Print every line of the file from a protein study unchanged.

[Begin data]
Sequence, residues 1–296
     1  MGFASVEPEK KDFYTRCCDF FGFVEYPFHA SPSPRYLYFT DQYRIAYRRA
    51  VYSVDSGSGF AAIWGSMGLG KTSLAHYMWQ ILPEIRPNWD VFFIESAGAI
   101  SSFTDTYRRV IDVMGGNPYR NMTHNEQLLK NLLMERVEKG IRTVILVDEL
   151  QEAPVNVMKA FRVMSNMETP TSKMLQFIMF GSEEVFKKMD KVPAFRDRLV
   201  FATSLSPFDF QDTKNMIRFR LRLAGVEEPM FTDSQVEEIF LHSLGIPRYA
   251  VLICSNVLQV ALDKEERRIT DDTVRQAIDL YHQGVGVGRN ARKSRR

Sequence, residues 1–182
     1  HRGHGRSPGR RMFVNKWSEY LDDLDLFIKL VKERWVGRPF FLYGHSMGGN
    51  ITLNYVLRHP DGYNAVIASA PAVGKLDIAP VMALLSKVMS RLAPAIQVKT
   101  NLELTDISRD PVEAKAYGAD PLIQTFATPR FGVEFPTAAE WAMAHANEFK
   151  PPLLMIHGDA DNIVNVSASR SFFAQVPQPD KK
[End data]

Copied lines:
Sequence, residues 1–296
     1  MGFASVEPEK KDFYTRCCDF FGFVEYPFHA SPSPRYLYFT DQYRIAYRRA
    51  VYSVDSGSGF AAIWGSMGLG KTSLAHYMWQ ILPEIRPNWD VFFIESAGAI
   101  SSFTDTYRRV IDVMGGNPYR NMTHNEQLLK NLLMERVEKG IRTVILVDEL
   151  QEAPVNVMKA FRVMSNMETP TSKMLQFIMF GSEEVFKKMD KVPAFRDRLV
   201  FATSLSPFDF QDTKNMIRFR LRLAGVEEPM FTDSQVEEIF LHSLGIPRYA
   251  VLICSNVLQV ALDKEERRIT DDTVRQAIDL YHQGVGVGRN ARKSRR

Sequence, residues 1–182
     1  HRGHGRSPGR RMFVNKWSEY LDDLDLFIKL VKERWVGRPF FLYGHSMGGN
    51  ITLNYVLRHP DGYNAVIASA PAVGKLDIAP VMALLSKVMS RLAPAIQVKT
   101  NLELTDISRD PVEAKAYGAD PLIQTFATPR FGVEFPTAAE WAMAHANEFK
   151  PPLLMIHGDA DNIVNVSASR SFFAQVPQPD KK